Thanks for Michael Ramiko for submitting these ideas.  We'd love to hear some of yours.

Science Lesson: Making Slime

Slime-Spangler-Halloween-Science-Win-25-Gallons1 (1).jpg

Time Required:  45 – 60 mins for process, pus you can allow time for research and findings.

Age groups:  Prep to year 9.. Obviously you will need some more time and assistance with the younger and possibly older kids.

Learning Intentions:  To understand what a Polymer is and how chemical reactions can change the state of certain ingredients.

 Click here to download this entire lesson plan and resources as a PDF.

Intro: We are going to make slime, any ideas how we can do it? What ingredients do you think we’ll need?

Show video on YouTube http://www.youtube.com/watch?v=emlW5Jh-AHc&feature=relmfu  

Go through step by step instructions of how to make the slime (Paper based instructions included below - Make sure Logistics are good)

ü  Students then create the slime and put it in a bag to take home and show.

Answer the following questions once slime is made.

1.      What happened to the slime when you added the borax powder?

2.      How could we make the slime better, what variations could be offer?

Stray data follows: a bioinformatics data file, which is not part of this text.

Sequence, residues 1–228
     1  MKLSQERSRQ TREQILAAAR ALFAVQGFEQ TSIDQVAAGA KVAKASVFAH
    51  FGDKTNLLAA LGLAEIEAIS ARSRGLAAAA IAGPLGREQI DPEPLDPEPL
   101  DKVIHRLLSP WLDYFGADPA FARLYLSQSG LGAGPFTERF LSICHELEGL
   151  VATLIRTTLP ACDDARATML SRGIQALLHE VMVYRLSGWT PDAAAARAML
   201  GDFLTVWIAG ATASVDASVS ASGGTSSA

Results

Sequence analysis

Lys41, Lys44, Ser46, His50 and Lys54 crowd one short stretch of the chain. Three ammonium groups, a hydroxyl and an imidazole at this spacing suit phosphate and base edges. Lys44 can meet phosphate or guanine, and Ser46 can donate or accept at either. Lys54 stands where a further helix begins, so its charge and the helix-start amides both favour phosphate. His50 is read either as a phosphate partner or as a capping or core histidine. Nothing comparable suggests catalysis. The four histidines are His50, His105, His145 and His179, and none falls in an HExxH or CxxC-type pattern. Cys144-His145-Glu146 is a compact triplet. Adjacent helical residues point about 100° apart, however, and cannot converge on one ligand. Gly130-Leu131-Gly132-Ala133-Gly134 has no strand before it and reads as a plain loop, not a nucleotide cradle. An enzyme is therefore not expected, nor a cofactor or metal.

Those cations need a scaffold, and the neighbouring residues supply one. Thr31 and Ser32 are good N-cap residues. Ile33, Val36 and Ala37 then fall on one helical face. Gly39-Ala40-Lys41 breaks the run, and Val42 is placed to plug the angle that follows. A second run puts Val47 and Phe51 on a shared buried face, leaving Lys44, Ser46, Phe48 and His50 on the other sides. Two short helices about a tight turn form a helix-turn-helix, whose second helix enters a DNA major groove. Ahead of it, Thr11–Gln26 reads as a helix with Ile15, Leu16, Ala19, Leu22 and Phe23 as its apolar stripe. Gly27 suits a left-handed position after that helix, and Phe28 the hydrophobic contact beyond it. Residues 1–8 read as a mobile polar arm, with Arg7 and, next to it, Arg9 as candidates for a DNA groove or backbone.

Science Elements:

Now for the SCIENCE part.... This POLYMER is unique because it has qualities of both a solid and a liquid. It can take the shape of its containers like a liquid does, yet you can hold it in your hand and pick it up like a solid. As you might know, solid molecules are tight together, liquid molecules spread out and break apart (drops) POLYMER molecules CHAIN themselves together (they can stretch and bend like chains) and that makes them special. Jell-O, rubber bands, plastic soda bottles, sneaker soles, even gum are all forms of polymers. The polymer you made should be kept in a sealed plastic bag when you aren't playing with it. Also, be sure to keep it away from young kids or pets who might think it’s food. Have fun!